By the way, I don’t remember these posters off the top of my head. I’ve been referring to art4now’s website – http://www.art4now.com/cgi/commerce.cgi?display=user1 It raises one last issue I find slightly distressing and that further complicates discussions of the poster. This page is titled “Vintage Poster Values,” and it shows what past posters cost when they were made and what they’re worth now. The suggestion is that the poster isn’t just a poster; it’s an investment. I’m not sure how art4now arrives at that value; is that what these posters fetch on ebay? In print shops in the Quarter? Or is art4now arbitrarily naming the value of past posters? Those inflated prices are what past posters now cost from art4now – whether that’s a reflection of the actual market for them is an interesting question, but the whole valuation question further blurs the line between the poster and fine art and complicates this conversation

  • Bon Jovi

    Perhaps, but there are easy 50 artists that belong on that poster before Buffett. Snooks, Eddie Bo, etc., etc. Every year this festival has less and less to do with local music. The Bon Jovi poster is right around the corner.

  • Anonymous

    I’m interested in this idea that the fest has less to do with local music because the percentage of local music stays in the mid to high-70s (I vaguely recall that “78 percent” has been bandied about, but I might not remember that exactly right). That means the amount of local music changes, but the perception is that JF’s not about local music as much as it once was. I wonder if that’s a function of the problem that art4now faces with the poster: Who local is big enough to close major stage? Who local is big enough to sell a lot of posters?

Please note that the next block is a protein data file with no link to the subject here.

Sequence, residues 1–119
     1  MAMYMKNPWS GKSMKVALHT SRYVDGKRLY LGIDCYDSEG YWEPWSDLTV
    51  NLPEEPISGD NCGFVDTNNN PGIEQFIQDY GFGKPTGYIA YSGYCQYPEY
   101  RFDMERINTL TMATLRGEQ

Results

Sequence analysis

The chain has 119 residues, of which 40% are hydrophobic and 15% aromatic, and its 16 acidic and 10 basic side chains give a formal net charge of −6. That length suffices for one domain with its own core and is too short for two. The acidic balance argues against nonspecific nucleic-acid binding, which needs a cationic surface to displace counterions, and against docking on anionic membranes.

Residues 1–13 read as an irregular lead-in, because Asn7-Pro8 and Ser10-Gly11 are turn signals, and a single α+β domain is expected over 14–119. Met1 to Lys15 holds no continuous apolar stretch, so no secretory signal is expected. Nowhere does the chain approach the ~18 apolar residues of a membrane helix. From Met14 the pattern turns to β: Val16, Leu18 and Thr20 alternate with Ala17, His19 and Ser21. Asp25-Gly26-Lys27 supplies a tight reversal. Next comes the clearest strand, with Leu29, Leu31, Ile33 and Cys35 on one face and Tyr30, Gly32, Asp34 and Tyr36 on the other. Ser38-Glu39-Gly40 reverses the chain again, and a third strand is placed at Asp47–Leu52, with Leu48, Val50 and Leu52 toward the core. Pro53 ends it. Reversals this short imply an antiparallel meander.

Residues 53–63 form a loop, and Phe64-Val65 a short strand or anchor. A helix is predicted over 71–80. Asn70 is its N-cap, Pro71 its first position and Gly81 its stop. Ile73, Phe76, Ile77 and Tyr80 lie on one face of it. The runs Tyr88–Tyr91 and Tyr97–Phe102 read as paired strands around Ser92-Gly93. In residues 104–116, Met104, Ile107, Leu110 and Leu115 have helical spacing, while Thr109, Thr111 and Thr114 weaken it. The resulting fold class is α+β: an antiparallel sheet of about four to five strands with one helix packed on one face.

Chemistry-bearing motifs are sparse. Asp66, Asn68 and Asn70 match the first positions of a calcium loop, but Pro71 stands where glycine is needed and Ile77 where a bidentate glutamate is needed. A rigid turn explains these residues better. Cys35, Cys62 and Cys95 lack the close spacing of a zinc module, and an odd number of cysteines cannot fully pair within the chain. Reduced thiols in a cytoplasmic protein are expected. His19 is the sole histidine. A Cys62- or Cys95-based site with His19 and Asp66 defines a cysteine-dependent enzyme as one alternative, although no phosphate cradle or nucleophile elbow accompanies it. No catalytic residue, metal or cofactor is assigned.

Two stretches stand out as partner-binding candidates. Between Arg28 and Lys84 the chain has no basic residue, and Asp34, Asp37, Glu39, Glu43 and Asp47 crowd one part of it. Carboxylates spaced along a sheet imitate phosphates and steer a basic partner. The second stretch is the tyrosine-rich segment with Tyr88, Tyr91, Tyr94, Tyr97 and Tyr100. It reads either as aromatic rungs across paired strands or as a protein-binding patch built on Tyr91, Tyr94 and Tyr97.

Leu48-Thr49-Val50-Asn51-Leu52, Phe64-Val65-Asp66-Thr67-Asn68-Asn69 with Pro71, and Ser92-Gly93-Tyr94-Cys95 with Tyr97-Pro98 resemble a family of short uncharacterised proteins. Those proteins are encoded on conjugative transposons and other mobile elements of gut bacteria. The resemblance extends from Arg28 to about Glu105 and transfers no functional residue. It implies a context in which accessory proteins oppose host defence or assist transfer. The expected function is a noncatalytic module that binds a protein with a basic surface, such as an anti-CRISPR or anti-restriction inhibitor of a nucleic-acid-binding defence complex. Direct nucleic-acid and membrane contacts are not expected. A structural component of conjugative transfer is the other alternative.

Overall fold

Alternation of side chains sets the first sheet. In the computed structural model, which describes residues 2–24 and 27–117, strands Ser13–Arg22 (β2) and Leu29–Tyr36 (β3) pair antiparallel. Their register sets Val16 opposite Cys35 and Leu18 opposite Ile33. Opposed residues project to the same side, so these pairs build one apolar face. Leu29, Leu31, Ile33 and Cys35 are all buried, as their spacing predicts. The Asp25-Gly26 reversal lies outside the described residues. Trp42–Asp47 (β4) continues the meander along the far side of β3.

Obviously, that’s a two-part question, one having to do with NO musicians, and I’m not sure anyone is that kind of draw right now. The other part of that is how big of a draw the musician has to be, which is a Festival Productions question. Since it’s a for-profit activity (the Foundation is the non-profit; FPI produces the festival for them), the answer depends on how much money FPI wants to make. It has appears to have built a machine that requires a lot of money to keep running, which means it needs some headliners who can bring in Bon Jovi-like numbers. We can debate whether the festival needs to be that big, but unless someone can work out a model by which it’s equally profitable with fewer people, I don’t see that changing. I wonder if that’s what we’re reacting to when we charge that the fest is less about local music – that the locals aren’t as prominent as they once were, Last year with the exception of the final Sunday, none of the headliners at Acura, Gentilly and Congo Square were from New Orleans.

  • gd

    Love that Jimmy’s on the poster. Have watched him up and down the gulf coast for 40 years and at the Jazz Fest too many times to count. He’s been a good friend to this city so all the tiresome discussion of physics and sunlight are just that; tiresome.

  • martin

    You are onto something that a lot of JF poster dealers and collectors have questioned for a long time. Art4now claims their valuations are culled from all of those places you’ve named above: Quarter galleries, eBay, etc…Yet, w/the exception of a few issues, works almost never sell for their ‘book’ value. A good rule of thumb I’ve found is that you can expect to get about 50-75% of the art4now stated price if you decided to sell one of your posters.